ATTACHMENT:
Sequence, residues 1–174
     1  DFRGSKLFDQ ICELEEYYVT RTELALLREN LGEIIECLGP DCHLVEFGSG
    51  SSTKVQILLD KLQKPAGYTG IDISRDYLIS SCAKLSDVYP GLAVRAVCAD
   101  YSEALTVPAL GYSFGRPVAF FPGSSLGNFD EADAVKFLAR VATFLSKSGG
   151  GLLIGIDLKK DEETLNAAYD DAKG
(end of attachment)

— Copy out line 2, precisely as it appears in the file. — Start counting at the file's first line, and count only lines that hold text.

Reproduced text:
     1  DFRGSKLFDQ ICELEEYYVT RTELALLREN LGEIIECLGP DCHLVEFGSG